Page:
Aussie study deciphers geographic patterns of virus threatening koalas

SYDNEY, Nov. 30 (Xinhua) — An Australian study has found that an AIDS-like virus is more likely to impact koalas inhabiting the states of New South Wales (NSW) and Queensland, compared to the southern populations in Victoria and South Australia.

The virus, known as koala retrovirus (KoRV), is strongly associated with diseases that can cause infertility and blindness in the species.

According to the study published in the Proceedings of the National Academy of Sciences journal, KoRV is only present in the genome of koalas from Queensland and NSW, while those in Victoria and South Australia appear to be free of the numerous subvariants.

“Our previous work showed a definite link between KoRV and chlamydia in koalas, and these latest findings indicate that northern koalas should be treated very differently to southern koalas,” Michaela Blyton, lead author from the University of Queensland, said on Wednesday.

“It might mean that in the short term, koala relocations in the north are limited so we’re not introducing new virus subtypes into healthy populations,” said Blyton.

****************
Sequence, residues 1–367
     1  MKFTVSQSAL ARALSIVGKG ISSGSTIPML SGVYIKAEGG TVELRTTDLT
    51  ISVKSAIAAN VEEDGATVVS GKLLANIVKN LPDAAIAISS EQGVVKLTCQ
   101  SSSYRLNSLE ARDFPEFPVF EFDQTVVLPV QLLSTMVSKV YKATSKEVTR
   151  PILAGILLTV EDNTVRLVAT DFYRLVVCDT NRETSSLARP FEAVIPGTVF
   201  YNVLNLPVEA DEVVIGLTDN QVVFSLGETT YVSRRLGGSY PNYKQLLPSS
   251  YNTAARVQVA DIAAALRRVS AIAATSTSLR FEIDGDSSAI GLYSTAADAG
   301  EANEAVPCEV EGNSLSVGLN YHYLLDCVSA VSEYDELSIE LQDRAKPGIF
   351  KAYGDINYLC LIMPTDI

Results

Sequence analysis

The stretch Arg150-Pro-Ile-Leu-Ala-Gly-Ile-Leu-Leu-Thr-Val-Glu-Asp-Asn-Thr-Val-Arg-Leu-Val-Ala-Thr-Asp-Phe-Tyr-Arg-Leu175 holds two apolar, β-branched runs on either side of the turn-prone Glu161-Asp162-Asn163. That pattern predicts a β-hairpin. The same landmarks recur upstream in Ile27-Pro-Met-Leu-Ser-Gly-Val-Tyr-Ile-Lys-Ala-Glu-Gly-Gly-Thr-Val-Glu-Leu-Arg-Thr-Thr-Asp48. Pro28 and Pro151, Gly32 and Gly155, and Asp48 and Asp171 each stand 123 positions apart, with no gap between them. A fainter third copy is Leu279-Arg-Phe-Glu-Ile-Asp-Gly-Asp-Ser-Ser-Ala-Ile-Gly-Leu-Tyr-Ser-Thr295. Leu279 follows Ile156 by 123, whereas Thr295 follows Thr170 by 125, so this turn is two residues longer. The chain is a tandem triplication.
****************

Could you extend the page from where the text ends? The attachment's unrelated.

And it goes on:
As koala numbers have fallen rapidly over the past decade, Blyton believed that uncovering these crucial patterns can help experts learn how the disease is evolving and spreading, and how to contain the damage through anti-viral medication or koala breeding programs.

In Blyton’s eyes, a final solution may be some time away, but the latest findings were a big step towards nullifying the threat posed by diseases.

“Ultimately, we might see some kind of anti-viral treatment or at least improvements to koala breeding programs, but for now this is great news for a species facing threats on multiple fronts,” she said.

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